Date: 16th November 2015 at 7:56am
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With Saturday’s draw pitting Millwall against Southend in the Area Semi Finals of this year’s Johnstone’s Paint Trophy, manager Neil Harris has confirmed that the club are taking the competition seriously as he wants a day out at Wembley.

Speaking to the South London Press ahead of the draw, Harris explained that we were taking the competition seriously especially as we’re one of only two League One sides left in the draw.

Ironically his hometown club and our next opponents Southend are the other one.

‘We have always thought it was a serious proposition, from day one. Each round has given us a different challenge. The first round gave us our first home victory of the season, against Peterborough. Then beating Northampton gave us a lift after we had been beaten by Peterborough away in the league. All three wins also came just before the international break and we wanted to win them to go into each spell with some momentum – and have succeeded.’

Harris added.

‘We are on a terrific run of games now and our focus has not changed and it will not change. Whoever we draw, we will want to win the game. If we keep winning, we will be successful.’

There was an obvious feeling for Southend as he spoke.

‘It would not do us any harm to get Southend in the draw. There was a lot of disappointment after both games against them, when we came away with nothing. But we need to be respectful to whoever we get because they will have won three games to get to the area semi-final.’

In a second piece by the same outlet, they also have Harris quoted as saying that despite being on a run of eight unbeaten, he’s still searching for improvement from the side because he knows there is more to come from them.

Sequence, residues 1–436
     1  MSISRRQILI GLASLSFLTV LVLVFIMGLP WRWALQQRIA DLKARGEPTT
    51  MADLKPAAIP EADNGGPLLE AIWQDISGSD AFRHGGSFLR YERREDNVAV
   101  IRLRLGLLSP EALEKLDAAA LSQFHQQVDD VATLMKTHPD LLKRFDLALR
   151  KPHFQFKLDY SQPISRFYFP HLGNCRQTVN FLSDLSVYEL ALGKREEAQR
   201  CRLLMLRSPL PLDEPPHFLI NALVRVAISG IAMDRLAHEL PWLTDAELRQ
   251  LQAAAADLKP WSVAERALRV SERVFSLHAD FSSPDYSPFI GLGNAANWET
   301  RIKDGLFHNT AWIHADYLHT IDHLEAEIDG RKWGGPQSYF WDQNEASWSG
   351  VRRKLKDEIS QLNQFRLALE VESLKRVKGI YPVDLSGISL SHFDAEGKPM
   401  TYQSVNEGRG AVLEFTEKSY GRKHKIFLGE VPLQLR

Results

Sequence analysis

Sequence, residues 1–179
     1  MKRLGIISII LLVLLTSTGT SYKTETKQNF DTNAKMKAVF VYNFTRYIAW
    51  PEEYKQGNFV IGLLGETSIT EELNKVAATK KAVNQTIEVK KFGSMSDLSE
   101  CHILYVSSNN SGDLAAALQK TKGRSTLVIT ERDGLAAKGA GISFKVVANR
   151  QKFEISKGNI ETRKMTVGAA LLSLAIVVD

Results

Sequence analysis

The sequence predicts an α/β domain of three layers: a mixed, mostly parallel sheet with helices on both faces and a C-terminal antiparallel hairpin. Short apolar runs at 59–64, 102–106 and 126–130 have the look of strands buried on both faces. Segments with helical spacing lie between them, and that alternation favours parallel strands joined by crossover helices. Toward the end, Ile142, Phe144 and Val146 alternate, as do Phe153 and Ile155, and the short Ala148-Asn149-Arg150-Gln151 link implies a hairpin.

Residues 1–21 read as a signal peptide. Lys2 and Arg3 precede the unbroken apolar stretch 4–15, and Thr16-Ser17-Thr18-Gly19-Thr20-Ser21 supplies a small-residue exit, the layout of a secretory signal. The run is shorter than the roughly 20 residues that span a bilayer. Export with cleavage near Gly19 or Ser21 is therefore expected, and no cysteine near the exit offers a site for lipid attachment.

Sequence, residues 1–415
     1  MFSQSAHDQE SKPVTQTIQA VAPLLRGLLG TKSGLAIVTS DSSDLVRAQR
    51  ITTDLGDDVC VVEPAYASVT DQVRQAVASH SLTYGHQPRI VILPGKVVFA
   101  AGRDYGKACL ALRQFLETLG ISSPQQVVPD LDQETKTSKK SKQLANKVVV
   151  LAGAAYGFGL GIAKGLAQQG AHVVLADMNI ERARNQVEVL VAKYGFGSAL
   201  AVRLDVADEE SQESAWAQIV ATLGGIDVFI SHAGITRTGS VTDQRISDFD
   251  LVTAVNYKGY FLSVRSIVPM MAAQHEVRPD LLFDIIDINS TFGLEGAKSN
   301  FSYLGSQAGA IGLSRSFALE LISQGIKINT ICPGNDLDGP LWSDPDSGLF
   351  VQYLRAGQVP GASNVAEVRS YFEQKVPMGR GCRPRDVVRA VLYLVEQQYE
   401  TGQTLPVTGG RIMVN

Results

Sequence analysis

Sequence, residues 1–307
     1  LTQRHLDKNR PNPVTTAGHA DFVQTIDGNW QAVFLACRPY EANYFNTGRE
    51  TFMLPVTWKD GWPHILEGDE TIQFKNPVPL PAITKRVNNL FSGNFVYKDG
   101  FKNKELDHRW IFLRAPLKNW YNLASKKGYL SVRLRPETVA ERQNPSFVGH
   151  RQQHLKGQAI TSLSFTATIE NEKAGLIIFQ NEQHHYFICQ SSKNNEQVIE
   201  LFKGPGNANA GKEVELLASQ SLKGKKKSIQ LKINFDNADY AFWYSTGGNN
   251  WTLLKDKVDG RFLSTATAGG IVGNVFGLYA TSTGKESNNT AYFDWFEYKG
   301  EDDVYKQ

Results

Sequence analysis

‘I will keep reminding the players of keeping up the standards we have set. We will not let anyone rest on their laurels. The boys know my thoughts and I am not afraid to share them. We are nowhere near the finished article. We will strive to get better – and we will. We are pleased with how we are going, with the run we are on. But the players know we can still improve. And they take praise and criticism in the right manner.’

Harris went on to say that he doesn’t hide his emotions from the side and if he’s angry the team or the individual in particular will know about it, but equally if he’s happy he makes sure they know about that as well.

‘I try to be consistent with what I say to them, good or bad. But I always try to give feedback constructively, whether that is at half-time, in the moment or afterwards or on the training pitch. This team is not just about the 90 minutes on a Saturday. I will lay down the law to some, on the pitch or the training ground. But I also speak to them one-on-one. When you sign players, you need to get a feel for the person, whether it is is on loan or a permanent one. Some need an arm around them, and I am happy to do that. That is part of the game. I only try to be myself with the players. I have a lot of respect for them. I treat them like people, with home lives and issues they have to deal with, just like everyone. A lot of them are in their mid-20s, with young families to worry about.’

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